Syringe Feeding

syringeThere may be times in a chinchilla's life, when during a period of illness or surgical procedure they may suddenly refuse to eat voluntarily.

This can have a detrimental knock-on effect on the overall health of the chinchilla, and may adversely affect recovery times.

Many people provide little in the way of specialist nutritional support during this time, if any. The following articles aim to discuss the importance of syringe feeding (when appropriate) and how it can aid recovery.

Bubble - almost enjoying the food replacement!!

When is Syringe-Feeding Appropriate?

Syringe feeding is often recommended when there has been a lack of food intake for about 2 days or there has been a recent significant loss of weight (useful if you know your chinchilla's "normal" weight prior to illness).

However, in my experience, it is best to commence syringe-feeding as soon as a lack of appetite, droppings or weight-loss is noticed, in order to prevent digestive shut-down and total anorexia, as well as providing essential nutrients as soon as possible.


Why is Syringe-Feeding of Use?

During illness or surgical recovery most animals have increased nutritional requirements, yet may have no appetite or actually physically cannot eat.

This can cause their metabolic rate to slow down, which can slow healing, impair normal gut motility and depress certain organ functions.

During long periods of inappetance, all fat reserves are mobilised and the chinchilla\'s own tissue (muscle) protein is utilised to sustain it.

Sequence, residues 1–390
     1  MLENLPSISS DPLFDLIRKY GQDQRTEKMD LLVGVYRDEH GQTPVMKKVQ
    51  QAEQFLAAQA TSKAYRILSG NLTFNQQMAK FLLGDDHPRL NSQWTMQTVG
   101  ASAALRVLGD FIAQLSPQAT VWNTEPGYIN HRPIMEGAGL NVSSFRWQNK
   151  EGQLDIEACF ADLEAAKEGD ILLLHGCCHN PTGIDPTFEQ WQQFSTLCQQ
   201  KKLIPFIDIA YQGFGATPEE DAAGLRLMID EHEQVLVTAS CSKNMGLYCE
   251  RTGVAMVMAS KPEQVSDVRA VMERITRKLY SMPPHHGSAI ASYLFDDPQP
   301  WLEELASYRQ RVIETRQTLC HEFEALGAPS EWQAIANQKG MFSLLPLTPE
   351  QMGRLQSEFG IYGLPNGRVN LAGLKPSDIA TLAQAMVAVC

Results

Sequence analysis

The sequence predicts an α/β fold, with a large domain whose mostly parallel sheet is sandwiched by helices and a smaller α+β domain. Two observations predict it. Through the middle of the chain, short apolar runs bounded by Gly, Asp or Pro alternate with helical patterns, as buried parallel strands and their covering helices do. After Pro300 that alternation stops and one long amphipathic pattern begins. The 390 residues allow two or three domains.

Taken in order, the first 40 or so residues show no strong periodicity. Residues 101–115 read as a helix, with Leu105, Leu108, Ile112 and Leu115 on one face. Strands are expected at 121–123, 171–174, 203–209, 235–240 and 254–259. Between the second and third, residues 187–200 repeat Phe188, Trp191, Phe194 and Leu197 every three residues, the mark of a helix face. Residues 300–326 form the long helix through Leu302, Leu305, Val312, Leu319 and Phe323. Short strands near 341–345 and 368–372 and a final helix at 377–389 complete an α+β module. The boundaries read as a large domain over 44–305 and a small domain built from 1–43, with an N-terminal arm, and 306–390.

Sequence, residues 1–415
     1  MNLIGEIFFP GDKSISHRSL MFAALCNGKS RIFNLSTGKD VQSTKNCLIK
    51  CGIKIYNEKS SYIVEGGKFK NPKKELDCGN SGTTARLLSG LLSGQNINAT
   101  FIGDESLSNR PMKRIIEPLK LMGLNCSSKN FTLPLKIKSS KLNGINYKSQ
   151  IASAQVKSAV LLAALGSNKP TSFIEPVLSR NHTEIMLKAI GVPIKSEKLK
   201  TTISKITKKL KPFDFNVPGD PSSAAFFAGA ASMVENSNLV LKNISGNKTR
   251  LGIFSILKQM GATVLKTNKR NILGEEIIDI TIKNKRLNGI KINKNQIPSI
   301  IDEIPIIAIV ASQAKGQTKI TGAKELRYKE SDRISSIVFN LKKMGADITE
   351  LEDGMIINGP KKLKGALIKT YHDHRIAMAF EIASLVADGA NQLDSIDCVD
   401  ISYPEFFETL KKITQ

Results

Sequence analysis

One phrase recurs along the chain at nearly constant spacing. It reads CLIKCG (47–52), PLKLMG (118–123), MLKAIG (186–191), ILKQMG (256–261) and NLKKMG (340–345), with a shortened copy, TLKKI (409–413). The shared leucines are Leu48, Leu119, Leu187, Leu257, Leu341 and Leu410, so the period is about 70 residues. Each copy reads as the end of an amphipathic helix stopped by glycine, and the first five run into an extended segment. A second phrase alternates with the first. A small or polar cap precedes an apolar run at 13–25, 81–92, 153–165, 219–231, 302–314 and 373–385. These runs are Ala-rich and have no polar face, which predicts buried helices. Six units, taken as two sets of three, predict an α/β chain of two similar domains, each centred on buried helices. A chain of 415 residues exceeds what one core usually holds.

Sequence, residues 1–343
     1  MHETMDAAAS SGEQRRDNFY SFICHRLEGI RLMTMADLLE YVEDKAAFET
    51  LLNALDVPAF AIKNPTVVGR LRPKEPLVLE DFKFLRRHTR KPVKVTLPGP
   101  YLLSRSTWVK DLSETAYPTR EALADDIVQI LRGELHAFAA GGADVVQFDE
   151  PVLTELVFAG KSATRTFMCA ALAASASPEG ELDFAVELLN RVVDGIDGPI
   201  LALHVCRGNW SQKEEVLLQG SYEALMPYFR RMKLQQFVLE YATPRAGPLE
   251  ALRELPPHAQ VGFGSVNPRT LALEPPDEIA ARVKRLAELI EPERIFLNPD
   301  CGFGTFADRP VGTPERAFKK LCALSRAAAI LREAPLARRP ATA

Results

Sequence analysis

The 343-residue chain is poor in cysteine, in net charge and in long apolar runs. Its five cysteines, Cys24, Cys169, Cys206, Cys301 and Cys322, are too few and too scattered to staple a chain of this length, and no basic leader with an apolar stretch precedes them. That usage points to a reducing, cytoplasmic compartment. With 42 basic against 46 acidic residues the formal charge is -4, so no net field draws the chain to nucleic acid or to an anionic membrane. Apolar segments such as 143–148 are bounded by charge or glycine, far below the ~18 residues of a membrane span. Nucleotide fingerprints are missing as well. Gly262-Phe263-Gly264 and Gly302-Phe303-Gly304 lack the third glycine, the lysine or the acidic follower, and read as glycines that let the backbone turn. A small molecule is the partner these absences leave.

The metabolism of fatty acids to provide energy produces ketones (a metabolite), which would normally be excreted, but during periods of anorexia can cause a serious condition, called ketoacidosis. Syringe feeding may prevent this under certain conditions.

Syringe feeding also helps to stimulate normal gut motility, provides fluids and helps to stimulate the appetite.

Syringing glucose water alone may be adequate in the early stages of inappetance (to prevent hypoglycaemia) but it can be detrimental in cases of long-term anorexia as it can interfere with the liver's fat metabolism.

Bespoke syringe foods are avaialble from vets or online suppliers - such as:

Oxbow Critical Care

Supreme Science Revovery

Galens Garden NutriPowder

Using a coffee-grinder you can grind chinchilla pellets and hay into a powder, to which you can simply mix with water and syringe-feed as required.

Unsweetened canned pumpkin is liked by chinchillas and can be added to syringe formulas - in the UK it can be obtained from online American food stores.

(Probiotics are a VERY useful addition to homemade syringe-feeding formulas, as they help to re-colonise the gut with beneficial micro-flora, which is often unbalanced during periods of illness and medication)